To be honest, rather than taking the trouble to review Car Share properly, I could just refer you to Grace Dent's piece for the Independent, which pretty much succinctly sums up my feelings.
As she says, it's become "accepted wisdom" that Peter Kay is the antithesis of cool among the comedy set, in the wake of Max And Paddy's Road To Nowhere and charity single 'Is This The Way To Amarillo?' She could have added the fact that his brand of observational humour has been mercilessly pilloried by many, including comedy guru and tastemaker Stewart Lee, and that he has a reputation within the comedy circuit (and particularly with Daniel Kitson) for being an unpleasant, egomaniacal twat.
However, Dent is also right to point out that, prior to his best writing partners melting away and his ego taking over, Kay was responsible for two very good programmes (That Peter Kay Thing and Phoenix Nights - the first series, at least) and one classic stand-up set (Live At The Top Of The Tower).
A part of me wanted to hate Car Share, just to be confirmed in my prejudices - but I just couldn't. The series suggested that, to his credit, Kay has realised the error of his ways and decided to go back to basics, with a format that was about as simple as they come: man gives female co-worker lifts from home to work and back again. The sit meant the com was always going to be created through the dialogue and interaction between the pair - both slightly lost souls approaching middle age, she actively pining for a relationship and he protesting too much that he didn't want or need one.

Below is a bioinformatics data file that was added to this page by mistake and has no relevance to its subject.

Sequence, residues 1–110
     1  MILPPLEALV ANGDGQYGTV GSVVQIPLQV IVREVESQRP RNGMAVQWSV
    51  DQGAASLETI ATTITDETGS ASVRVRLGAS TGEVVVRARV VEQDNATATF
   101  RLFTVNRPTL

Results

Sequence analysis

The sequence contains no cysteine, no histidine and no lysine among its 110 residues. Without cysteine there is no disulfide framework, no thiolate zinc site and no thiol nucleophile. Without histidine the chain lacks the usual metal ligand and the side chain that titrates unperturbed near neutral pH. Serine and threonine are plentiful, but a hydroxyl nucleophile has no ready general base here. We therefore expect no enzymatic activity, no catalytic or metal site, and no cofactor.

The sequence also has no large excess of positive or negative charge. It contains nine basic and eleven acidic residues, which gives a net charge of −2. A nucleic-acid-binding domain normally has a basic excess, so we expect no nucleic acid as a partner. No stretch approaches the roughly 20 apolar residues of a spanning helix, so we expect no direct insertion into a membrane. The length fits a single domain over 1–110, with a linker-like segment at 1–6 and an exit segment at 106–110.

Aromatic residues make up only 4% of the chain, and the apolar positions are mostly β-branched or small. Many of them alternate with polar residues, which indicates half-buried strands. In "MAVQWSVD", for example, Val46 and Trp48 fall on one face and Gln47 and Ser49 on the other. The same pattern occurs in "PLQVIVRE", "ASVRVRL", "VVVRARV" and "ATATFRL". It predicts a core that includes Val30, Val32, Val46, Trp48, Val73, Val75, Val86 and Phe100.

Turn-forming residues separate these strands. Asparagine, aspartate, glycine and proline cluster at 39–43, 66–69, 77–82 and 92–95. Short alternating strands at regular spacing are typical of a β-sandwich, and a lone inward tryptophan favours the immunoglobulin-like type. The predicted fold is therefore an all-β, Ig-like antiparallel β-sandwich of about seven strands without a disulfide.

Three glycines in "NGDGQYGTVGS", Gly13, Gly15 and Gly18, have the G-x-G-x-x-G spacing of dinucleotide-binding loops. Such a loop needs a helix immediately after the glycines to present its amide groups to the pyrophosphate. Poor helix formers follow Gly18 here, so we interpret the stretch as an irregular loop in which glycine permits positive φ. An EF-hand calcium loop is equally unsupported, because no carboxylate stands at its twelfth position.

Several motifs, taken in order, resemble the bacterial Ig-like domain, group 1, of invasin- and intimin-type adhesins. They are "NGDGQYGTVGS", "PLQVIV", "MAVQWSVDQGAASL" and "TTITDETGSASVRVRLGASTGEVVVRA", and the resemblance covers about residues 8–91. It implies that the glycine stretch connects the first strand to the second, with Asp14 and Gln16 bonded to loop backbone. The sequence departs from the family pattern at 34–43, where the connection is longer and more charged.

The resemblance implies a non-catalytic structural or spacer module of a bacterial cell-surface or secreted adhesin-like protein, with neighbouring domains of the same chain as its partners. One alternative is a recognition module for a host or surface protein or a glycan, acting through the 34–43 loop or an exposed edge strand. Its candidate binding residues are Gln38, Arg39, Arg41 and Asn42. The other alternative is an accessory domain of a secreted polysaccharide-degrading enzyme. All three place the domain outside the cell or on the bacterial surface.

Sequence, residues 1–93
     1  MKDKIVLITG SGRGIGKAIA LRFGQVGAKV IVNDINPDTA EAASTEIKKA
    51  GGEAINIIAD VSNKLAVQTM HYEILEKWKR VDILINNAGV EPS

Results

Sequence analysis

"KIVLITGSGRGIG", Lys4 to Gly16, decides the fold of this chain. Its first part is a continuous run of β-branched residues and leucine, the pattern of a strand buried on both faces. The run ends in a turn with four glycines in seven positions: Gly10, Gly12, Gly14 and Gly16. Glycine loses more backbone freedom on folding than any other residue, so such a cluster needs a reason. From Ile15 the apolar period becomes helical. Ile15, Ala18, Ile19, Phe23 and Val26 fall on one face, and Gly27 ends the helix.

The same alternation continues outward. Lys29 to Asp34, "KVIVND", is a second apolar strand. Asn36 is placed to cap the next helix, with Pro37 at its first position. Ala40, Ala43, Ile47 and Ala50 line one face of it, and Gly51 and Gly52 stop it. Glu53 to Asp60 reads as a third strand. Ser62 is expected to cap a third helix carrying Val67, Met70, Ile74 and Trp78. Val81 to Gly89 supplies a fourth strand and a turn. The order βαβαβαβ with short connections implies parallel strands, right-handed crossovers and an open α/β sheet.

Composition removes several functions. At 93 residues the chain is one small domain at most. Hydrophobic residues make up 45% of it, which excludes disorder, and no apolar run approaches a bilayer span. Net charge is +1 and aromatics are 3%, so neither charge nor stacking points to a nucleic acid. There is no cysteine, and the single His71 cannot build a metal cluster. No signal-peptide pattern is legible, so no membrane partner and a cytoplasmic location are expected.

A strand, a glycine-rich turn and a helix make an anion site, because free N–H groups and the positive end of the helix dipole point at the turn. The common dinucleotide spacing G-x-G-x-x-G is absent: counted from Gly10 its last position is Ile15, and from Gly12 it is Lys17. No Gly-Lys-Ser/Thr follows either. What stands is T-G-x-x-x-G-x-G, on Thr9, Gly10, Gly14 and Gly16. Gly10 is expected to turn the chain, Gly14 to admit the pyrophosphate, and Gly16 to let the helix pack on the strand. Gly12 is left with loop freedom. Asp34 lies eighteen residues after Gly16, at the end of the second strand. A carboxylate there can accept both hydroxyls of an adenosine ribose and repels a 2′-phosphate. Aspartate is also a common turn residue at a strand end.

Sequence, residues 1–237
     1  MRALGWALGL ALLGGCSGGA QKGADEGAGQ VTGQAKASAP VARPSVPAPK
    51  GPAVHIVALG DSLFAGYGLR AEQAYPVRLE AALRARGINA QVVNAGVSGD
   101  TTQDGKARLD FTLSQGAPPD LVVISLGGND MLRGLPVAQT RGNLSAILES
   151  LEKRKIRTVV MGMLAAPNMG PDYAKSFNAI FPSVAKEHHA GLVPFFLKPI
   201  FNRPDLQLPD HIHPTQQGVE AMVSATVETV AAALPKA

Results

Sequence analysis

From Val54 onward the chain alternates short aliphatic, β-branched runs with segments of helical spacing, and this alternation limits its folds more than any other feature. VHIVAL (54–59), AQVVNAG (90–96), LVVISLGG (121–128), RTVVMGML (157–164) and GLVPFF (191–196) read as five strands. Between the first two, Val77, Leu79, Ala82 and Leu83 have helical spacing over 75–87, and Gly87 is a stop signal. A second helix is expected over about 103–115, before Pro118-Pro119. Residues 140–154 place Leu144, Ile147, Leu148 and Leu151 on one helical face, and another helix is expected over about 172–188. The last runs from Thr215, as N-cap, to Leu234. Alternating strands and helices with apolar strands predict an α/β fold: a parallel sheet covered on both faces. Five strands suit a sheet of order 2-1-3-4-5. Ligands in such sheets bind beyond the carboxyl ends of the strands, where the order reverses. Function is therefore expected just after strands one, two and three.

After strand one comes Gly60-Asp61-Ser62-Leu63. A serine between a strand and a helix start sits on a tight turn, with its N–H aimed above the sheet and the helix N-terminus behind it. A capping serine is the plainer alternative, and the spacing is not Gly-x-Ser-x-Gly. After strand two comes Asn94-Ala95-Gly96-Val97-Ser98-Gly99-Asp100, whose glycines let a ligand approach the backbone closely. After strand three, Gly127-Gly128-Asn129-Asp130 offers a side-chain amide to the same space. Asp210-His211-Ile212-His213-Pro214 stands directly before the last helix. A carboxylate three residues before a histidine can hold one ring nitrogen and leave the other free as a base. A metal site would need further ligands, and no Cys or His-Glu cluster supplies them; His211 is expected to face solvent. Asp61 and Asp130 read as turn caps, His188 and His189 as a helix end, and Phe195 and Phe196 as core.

After not getting off to the best of starts (Kayleigh spilling a bottle of her own piss on John), the daily commute - suspiciously long for two people who work in a supermarket - gradually brought them closer together, bonding in particular over a mutual love of cheesy commercial radio. In that respect, the show mined the same simple but rich seam of humour as Steve Coogan and company did with the 'Cuddly Toy' scene in Alpha Papa - and as Coogan and Rob Brydon did with their lusty car renditions of Alanis Morissette in The Trip To Italy.
There were some off-colour touches at times (as well as a surprising guest appearance from Reece Shearsmith, playing a socially inept fishmonger), but for the most part it was gentle, subtly heartwarming stuff - so much so that even my parents, hardly devotees of any kind of comedy, became avid viewers.
So has Kay redeemed himself, at least as a comic if not as a human being? Perhaps. Let's wait and see what he does next.